The Ottumwa Courier

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Ottumwa

December 1, 2012

Deadline for litigation against contractor to be extended

Housing grant could rehab 10 homes on city’s south side

OTTUMWA — The deadline for the city to begin litigation against a Grimes company could be extended to give the contractor time to repair faulty work on an Ottumwa street six years ago.

At its Tuesday night meeting, the Ottumwa City Council will vote to approve an agreement “tolling” — or suspending — the statute of limitations regarding the commencement of litigation against Van Hauen & Associates, Inc., of Grimes, and Merchants Bonding Company to recover for unacceptable work performed by the contractor on Phase 1 of the South Ottumwa Sanitary Sewer Separation Project.

In October, the council had approved for City Attorney Joni Keith to begin litigation against Van Hauen and its bonding company, MBC, for the work done six years ago.

In a previous interview with the Courier, Keith said Van Hauen is still in business though the company is considered to be in “reduced capacity,” which is why the city would also file suit against their bonding company.

Approximately 59 panels of the four blocks of North Sheridan Avenue from Finley Avenue to Garfield Street have settled or cracked, which city engineers believe is due to the contractor not properly compacting the ground underneath before laying the street.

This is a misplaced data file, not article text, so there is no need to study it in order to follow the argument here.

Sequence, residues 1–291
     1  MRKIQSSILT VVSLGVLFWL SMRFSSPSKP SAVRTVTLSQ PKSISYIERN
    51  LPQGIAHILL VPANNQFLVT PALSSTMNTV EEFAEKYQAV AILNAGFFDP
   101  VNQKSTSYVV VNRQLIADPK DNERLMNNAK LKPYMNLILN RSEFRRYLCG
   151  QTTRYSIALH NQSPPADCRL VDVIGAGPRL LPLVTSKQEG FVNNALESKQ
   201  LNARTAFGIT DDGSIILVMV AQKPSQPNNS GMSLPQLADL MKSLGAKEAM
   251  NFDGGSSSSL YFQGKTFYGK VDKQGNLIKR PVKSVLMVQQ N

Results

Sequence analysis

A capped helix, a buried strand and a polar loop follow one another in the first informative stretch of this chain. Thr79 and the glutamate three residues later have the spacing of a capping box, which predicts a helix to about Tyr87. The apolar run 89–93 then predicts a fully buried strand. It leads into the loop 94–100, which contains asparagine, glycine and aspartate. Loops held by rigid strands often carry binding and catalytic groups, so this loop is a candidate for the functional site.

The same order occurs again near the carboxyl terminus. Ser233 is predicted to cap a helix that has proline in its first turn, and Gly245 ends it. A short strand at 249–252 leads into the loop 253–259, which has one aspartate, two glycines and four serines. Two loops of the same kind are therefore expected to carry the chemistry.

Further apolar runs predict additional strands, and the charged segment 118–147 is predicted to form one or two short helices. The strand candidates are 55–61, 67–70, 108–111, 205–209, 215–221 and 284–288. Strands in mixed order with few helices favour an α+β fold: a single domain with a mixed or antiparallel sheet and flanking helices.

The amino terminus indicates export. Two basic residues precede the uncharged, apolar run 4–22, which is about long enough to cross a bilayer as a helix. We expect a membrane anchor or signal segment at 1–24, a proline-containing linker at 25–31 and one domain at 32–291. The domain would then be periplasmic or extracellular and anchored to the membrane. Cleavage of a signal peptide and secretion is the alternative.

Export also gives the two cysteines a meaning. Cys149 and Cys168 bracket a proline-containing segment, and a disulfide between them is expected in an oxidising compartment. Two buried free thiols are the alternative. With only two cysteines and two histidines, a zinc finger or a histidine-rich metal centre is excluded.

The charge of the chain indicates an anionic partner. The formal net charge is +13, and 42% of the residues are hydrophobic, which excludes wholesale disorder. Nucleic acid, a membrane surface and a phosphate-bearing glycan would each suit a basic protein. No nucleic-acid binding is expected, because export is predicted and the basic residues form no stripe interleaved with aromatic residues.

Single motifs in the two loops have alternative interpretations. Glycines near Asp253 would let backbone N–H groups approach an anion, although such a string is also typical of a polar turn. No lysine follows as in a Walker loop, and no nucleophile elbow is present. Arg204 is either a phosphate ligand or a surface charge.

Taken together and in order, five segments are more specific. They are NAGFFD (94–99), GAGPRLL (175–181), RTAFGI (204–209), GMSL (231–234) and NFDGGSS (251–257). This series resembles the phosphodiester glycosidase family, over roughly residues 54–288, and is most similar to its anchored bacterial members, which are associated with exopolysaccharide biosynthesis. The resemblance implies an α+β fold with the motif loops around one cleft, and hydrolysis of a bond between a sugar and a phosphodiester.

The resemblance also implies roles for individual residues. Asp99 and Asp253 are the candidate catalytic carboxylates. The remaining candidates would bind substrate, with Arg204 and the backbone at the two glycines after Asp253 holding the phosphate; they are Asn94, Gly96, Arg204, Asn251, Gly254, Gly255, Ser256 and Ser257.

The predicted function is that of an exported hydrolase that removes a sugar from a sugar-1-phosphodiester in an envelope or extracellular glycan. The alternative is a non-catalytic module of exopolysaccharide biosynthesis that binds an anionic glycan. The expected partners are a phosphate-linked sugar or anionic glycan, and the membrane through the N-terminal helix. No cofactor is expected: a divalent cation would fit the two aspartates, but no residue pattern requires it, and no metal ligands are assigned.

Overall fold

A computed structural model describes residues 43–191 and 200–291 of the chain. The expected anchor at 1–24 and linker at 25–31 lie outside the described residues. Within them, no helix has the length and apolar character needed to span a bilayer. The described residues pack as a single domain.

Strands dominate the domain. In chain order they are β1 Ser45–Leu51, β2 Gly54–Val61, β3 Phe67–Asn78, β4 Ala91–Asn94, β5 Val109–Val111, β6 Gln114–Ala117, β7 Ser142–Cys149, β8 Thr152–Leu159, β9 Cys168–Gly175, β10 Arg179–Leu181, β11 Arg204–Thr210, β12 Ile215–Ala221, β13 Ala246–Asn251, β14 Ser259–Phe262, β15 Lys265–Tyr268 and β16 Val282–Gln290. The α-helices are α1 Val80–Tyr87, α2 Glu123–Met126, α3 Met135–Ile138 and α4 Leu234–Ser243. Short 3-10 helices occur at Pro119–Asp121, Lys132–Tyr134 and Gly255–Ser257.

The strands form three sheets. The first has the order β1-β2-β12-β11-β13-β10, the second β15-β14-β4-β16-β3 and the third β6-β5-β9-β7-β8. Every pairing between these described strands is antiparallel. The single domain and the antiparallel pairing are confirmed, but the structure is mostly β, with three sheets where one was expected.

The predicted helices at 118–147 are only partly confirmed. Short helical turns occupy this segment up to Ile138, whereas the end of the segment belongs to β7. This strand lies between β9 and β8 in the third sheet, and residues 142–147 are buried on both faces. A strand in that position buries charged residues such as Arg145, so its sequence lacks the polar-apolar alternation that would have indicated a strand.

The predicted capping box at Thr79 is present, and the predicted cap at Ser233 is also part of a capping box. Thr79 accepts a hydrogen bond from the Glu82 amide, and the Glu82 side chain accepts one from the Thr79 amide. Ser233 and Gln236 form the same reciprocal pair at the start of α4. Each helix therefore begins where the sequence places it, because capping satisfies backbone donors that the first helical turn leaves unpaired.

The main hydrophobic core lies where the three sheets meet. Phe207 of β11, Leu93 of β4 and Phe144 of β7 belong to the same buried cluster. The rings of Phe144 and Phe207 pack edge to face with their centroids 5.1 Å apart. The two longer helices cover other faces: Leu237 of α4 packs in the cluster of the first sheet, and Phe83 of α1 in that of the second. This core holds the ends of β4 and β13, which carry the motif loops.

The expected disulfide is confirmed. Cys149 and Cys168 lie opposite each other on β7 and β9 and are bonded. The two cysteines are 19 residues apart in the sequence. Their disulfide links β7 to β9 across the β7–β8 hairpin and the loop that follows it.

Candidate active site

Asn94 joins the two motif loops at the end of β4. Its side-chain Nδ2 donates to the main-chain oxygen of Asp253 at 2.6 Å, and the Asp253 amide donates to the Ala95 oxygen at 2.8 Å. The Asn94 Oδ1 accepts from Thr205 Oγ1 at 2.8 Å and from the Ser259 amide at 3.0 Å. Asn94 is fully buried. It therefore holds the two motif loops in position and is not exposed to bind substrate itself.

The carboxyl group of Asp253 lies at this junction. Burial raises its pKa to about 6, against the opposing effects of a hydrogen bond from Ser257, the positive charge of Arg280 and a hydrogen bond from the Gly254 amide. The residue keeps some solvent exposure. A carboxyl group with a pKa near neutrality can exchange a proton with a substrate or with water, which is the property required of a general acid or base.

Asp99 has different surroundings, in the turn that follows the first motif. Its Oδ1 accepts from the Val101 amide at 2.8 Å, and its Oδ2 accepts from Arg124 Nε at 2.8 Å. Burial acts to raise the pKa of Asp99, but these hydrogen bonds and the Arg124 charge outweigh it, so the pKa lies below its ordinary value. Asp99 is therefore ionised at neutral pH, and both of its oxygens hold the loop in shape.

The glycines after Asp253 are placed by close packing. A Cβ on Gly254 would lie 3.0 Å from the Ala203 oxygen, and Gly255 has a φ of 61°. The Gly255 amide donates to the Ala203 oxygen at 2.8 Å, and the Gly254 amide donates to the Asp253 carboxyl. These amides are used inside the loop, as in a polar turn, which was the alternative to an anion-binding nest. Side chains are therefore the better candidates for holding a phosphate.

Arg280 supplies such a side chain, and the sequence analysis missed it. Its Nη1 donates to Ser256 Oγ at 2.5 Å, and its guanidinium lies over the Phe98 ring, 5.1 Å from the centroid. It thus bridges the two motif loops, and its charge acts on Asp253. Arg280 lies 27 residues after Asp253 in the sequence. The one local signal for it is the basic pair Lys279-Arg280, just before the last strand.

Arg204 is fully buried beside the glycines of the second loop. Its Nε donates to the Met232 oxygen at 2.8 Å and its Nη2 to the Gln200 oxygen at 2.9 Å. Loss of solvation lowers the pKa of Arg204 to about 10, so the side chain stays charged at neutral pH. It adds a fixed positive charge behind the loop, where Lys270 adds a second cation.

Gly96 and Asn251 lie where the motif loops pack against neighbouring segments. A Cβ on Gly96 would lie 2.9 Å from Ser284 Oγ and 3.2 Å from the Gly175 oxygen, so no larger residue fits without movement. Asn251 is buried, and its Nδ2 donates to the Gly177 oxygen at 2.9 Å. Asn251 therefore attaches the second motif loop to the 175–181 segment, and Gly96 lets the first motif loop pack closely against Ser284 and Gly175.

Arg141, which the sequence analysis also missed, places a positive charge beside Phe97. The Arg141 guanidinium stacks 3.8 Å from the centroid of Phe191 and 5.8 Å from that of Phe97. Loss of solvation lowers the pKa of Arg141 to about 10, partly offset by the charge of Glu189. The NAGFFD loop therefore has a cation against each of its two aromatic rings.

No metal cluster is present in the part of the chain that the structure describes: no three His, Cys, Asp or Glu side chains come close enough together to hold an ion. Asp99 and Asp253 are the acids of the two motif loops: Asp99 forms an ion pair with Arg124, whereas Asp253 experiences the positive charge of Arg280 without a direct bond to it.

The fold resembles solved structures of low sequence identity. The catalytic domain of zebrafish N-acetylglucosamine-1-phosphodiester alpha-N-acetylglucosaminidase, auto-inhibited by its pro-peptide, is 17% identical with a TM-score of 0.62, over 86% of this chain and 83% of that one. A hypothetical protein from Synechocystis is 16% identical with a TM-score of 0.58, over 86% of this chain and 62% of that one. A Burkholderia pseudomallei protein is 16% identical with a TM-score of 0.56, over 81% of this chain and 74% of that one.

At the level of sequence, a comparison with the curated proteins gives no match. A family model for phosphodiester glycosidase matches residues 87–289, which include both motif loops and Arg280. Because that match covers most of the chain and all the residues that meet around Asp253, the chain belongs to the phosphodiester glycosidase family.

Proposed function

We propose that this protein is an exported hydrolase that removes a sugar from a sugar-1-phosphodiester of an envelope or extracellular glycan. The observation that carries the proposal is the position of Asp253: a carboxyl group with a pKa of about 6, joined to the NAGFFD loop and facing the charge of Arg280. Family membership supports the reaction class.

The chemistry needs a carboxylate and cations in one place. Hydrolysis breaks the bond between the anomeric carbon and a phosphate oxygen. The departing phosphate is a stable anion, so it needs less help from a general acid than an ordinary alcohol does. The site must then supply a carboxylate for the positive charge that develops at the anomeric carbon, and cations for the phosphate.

Throughout the past year, the city and its engineer on the project, Todd Penisten from Veenstra & Kimm, have been negotiating with Van Hauen to repair the panels.

“Where we found a lack of effort was in compaction along the side of those boxes,” said Public Works Director Larry Seals at an October council meeting, though he said the sewer lines underneath the road have not been affected. “There are two guarantees with concrete: It’ll get hard and it’ll crack. Compaction is probably the biggest issue we have in any construction project.”

The city has given notice of a claim under the contractor’s performance bond with MBC requesting that they hire a separate contractor to remove and replace the pavement, with those costs as well as the costs for the subgrade testing to be covered by the maintenance bond.

The statute of limitations on the claim is Dec. 20, but the proposed agreement extends the statute of limitations until Nov. 30, 2013 to give the contractor time to make the repairs necessary.

It is believed that a separate agreement between the parties can be negotiated that will ensure the necessary repairs without the necessity of litigation.

Van Hauen has said a design defect led to the problem, not any work of their own.

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